Torotrak is a UK-based spin-off of Rover/Leyland/BTG, who have taken up the mantle of UK toroidal CVT development from Perbury. Torotrak have developed a full-toroidal IVT (infinitely variable transmission) using an elastohydrodynamic fluid between rolling metal-to-metal surfaces in the Variator (see Figure 3). They claim a 20% improvement in fuel economy over a standard 4 speed automatic. The Torotrak transmission works by splitting the power from the engine into two paths, where one of the paths traverses through a toroidal-based ‘variator’, which changes the ratio of that power flow. The two power paths are re-integrated in an epicyclic gearbox, which can operate in two regimes depending on which of the epicyclic gearbox elements is being driven by the ‘unmodified’ power path.

Figure 3. Torotrak full-toroidal IVT schematic.

From http://www.infrastructures.com/0503/torotrak.htm, last accessed 15th August 2008.

Carraro of Italy have signed a licence enabling them to develop the IVT for medium-sized off-highway (agriculture and construction) and on-highway (bus and truck) applications. Torotrak have also demonstrated the transmission in a 5.4L Ford Explorer SUV (Sports Utility Vehicle), attracting further interest from a number of Tier 1 automotive manufacturers. Ford also field tested the Torotrak transmission in their Ford Mondeo with positive results, according to Torotrak.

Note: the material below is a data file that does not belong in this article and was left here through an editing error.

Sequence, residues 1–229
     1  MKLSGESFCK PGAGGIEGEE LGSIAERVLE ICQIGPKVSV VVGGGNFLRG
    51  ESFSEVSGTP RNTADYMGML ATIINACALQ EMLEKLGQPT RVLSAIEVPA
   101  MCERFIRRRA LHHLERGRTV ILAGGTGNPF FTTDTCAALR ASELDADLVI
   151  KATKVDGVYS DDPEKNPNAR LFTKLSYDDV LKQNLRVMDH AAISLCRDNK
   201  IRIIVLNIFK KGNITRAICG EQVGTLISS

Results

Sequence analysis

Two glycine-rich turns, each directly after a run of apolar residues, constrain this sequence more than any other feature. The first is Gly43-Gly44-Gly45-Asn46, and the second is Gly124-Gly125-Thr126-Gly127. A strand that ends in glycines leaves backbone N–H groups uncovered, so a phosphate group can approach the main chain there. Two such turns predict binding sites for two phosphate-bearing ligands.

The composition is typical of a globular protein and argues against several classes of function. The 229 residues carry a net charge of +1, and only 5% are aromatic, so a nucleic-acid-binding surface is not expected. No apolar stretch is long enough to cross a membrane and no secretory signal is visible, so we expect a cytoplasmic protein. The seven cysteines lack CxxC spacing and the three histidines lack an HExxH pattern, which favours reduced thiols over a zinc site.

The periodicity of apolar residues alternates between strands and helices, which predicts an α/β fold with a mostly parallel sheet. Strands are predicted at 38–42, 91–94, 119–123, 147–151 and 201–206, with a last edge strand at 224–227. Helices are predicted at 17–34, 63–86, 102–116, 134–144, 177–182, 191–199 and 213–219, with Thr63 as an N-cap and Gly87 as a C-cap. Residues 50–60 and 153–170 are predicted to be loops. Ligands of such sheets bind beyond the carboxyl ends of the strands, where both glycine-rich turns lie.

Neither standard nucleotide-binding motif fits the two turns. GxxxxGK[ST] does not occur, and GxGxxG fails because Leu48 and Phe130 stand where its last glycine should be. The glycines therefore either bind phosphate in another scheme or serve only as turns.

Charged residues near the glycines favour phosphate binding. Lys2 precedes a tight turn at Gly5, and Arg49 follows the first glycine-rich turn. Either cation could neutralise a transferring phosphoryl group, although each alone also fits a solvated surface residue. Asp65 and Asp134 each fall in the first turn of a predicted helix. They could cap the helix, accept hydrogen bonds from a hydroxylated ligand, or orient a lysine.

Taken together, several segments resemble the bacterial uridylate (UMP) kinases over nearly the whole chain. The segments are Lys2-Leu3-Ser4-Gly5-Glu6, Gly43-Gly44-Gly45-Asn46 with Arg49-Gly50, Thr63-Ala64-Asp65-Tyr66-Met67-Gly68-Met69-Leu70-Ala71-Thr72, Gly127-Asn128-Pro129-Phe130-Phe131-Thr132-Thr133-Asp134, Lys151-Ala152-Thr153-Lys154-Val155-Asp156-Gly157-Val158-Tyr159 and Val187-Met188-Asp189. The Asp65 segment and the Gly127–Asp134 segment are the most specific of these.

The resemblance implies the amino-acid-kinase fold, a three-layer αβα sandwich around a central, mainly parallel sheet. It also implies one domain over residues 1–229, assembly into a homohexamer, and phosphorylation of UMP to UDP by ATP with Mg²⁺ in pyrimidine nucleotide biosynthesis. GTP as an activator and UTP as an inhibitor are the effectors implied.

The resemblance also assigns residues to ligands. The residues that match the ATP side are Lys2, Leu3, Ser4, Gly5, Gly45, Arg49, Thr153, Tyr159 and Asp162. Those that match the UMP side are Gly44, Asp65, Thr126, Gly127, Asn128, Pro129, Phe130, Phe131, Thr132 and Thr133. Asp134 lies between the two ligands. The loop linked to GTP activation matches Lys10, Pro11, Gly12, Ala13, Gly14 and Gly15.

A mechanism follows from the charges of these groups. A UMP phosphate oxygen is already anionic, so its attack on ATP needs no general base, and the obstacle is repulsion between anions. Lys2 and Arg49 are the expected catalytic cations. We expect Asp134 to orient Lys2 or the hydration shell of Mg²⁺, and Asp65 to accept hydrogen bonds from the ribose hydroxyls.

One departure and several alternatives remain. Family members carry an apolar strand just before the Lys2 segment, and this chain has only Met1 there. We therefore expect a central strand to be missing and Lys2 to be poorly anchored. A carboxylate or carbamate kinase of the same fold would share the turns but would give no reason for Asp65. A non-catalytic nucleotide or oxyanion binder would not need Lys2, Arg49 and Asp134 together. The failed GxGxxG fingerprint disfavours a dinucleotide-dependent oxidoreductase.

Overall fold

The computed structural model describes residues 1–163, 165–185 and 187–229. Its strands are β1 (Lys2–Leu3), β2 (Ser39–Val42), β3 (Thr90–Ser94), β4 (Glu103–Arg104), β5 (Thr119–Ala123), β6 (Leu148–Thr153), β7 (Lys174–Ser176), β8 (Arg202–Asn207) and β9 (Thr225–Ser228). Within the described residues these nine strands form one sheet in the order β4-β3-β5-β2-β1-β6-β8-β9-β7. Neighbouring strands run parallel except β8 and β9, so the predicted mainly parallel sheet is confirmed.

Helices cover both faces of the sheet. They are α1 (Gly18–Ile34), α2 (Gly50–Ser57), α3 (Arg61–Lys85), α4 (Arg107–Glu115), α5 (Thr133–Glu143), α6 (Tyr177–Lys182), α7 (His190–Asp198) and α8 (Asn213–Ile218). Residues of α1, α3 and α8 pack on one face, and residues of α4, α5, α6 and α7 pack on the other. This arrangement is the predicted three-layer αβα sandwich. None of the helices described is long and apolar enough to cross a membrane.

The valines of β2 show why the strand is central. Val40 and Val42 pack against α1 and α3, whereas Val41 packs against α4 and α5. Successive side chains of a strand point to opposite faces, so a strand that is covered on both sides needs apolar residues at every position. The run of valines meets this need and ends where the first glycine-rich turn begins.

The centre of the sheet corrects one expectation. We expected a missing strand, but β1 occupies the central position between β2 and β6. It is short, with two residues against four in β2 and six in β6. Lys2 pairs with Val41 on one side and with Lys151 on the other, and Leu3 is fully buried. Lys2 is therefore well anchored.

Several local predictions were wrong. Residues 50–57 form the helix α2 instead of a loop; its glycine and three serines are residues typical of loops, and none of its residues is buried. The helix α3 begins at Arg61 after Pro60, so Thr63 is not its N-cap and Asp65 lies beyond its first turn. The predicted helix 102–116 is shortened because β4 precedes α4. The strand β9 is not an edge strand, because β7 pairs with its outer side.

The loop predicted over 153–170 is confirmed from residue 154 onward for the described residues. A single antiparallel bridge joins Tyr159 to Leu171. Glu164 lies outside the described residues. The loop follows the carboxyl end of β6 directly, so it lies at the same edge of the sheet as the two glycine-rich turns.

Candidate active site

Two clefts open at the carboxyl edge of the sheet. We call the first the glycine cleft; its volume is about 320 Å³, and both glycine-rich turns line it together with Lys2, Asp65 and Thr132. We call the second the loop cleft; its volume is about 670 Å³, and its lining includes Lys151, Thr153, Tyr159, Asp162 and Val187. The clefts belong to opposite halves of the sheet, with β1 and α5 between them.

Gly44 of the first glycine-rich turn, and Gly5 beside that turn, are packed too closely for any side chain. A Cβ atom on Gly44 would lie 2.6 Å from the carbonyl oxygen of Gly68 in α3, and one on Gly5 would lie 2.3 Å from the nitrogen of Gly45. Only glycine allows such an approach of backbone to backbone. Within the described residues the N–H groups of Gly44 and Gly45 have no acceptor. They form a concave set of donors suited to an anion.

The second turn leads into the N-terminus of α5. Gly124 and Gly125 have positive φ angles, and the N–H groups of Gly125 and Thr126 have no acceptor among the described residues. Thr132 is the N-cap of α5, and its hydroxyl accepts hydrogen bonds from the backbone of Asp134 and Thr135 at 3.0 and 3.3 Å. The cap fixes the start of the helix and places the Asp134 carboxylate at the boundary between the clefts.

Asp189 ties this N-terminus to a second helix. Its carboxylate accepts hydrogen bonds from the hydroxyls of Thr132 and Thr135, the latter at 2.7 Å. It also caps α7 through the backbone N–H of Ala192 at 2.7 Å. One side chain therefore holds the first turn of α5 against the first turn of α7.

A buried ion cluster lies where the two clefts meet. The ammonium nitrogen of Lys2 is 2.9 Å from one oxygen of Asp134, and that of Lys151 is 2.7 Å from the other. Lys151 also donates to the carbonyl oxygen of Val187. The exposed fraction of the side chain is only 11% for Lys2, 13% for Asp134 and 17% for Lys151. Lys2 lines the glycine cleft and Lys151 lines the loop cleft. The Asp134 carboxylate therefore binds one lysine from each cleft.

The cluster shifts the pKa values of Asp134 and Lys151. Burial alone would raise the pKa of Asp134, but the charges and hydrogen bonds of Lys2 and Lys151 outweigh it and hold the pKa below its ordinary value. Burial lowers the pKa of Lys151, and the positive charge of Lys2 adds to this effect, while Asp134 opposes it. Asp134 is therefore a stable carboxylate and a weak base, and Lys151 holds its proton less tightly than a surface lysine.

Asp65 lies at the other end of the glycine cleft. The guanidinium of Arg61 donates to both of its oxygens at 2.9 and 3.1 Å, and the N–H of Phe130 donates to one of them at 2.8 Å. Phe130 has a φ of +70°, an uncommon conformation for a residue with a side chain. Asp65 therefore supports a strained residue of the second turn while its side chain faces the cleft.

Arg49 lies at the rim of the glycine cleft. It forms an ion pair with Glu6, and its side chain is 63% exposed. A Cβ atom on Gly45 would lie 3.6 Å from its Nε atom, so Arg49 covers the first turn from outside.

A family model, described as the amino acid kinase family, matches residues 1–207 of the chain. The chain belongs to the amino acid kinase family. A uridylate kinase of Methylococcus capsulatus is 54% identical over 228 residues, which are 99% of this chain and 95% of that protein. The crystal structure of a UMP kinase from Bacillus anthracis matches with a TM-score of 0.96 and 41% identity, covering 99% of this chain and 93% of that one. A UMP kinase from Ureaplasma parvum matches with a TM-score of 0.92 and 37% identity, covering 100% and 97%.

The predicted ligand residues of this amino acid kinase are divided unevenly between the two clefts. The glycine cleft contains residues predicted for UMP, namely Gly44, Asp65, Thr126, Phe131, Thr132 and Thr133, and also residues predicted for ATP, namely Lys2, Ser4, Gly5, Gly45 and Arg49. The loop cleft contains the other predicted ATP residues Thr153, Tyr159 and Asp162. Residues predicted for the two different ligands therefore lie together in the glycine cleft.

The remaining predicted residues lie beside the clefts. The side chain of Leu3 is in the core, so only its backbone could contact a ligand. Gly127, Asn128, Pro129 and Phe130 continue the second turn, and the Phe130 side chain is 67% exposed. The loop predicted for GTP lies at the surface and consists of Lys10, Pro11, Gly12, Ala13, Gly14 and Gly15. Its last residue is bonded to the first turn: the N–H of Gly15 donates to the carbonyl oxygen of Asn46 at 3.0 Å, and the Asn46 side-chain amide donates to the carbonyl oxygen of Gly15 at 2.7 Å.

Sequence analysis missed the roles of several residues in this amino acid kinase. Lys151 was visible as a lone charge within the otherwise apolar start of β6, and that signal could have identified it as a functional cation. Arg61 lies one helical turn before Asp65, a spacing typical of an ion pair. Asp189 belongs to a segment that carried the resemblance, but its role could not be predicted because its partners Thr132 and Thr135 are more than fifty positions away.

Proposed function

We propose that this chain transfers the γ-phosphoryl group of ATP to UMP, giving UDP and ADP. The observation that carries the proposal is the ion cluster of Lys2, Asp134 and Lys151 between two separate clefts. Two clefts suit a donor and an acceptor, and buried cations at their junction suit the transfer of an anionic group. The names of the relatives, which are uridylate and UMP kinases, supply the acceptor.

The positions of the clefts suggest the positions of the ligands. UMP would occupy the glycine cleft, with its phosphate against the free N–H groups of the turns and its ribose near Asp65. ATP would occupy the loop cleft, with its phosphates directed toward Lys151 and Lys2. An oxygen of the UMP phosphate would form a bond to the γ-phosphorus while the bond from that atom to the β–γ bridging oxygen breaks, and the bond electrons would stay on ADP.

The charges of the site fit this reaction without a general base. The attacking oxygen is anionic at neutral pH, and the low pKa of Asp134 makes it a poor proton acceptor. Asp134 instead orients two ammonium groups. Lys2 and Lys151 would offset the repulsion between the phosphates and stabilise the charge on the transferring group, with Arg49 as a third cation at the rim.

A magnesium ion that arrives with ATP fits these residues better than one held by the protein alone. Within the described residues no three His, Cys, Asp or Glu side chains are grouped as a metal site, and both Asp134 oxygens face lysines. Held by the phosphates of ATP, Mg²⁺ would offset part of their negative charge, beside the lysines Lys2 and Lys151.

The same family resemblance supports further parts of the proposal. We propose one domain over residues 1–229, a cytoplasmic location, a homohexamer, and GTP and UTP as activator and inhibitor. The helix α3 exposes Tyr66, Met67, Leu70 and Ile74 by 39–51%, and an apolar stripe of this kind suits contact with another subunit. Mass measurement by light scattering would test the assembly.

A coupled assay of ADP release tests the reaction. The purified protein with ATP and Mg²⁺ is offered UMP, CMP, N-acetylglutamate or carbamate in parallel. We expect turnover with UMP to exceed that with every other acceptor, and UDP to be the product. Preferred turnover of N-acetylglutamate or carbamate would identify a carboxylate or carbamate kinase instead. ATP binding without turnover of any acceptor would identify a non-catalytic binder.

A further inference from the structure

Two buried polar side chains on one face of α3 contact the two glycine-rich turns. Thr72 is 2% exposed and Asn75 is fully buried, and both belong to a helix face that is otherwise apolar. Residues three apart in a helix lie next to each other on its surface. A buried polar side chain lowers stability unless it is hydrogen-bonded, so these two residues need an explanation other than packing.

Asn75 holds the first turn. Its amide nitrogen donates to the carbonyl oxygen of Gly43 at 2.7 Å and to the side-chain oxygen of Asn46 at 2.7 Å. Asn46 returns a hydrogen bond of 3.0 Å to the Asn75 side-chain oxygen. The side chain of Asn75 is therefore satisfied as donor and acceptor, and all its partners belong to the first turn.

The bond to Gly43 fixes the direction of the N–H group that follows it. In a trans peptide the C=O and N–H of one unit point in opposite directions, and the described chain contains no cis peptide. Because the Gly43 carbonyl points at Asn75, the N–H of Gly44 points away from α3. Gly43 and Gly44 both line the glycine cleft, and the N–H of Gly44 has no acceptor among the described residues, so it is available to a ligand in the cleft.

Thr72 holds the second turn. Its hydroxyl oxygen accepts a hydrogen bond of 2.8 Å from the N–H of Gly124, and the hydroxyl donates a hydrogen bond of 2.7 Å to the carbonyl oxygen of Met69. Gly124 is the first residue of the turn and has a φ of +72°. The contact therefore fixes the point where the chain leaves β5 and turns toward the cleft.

A kinematic analysis of the mechanism was undertaken using hand calculations and 3D CAD software (Solidworks™). Kinematic analysis provides a description (mathematical or otherwise) of how machine elements move relative to each other and through space – that is, the operational behaviour of a machine.

The Durnin transmission uses multiple epicyclic (or ‘planetary’) gearsets. Relative to simple spur gears, epicyclic gearsets often have the advantages of high power density (high power-to-volume ratio), and simultaneous, concentric, bidirectional outputs from a single unidirectional input (Norton (2003)). Figure 4 is a sketch of a single epicyclic gearset showing the main elements, together with its schematic representation. Directions of rotation are shown assuming the large ‘ring’ gear is fixed in space. Traditional nomenclature also describes the central gear as the ‘sun’ gear, the small peripheral gears as ‘planet’ gears, and the member carrying the planet gears as the ‘carrier’.

Figure 4. The simplest epicyclic gearset. With the ring gear fixed, the planet gears are forced to rotate as the sun gear rotates, which also rotates the planet carrier.

The epicyclic gearset depicted in Figure 4 has a single degree of freedom. That means that for a given Input Speed (eg sun gear), the Output Speed (eg carrier) is only determined by a third element or parameter (eg ring gear). This third parameter is named the ‘Control’ in this report. This relationship is depicted schematically in Figure 5.

Figure 5. Schematic showing the variable speed ratio Output to Input relationship for an Epicyclic Gearset, determined by a third Control parameter.

Ring Planet Carrier Sun Epicyclic Gearset Control Input Output TM


Lévai (1966) enumerated the 12 basic configurations of epicyclic gearsets as shown below in Figure 6. All compound epicyclic gearsets (including automatic automotive transmissions) are built from these elements or kinematic analogues of them.

Figure 6. The twelve simple and complex epicyclic gearset configurations described by Lévai (1966).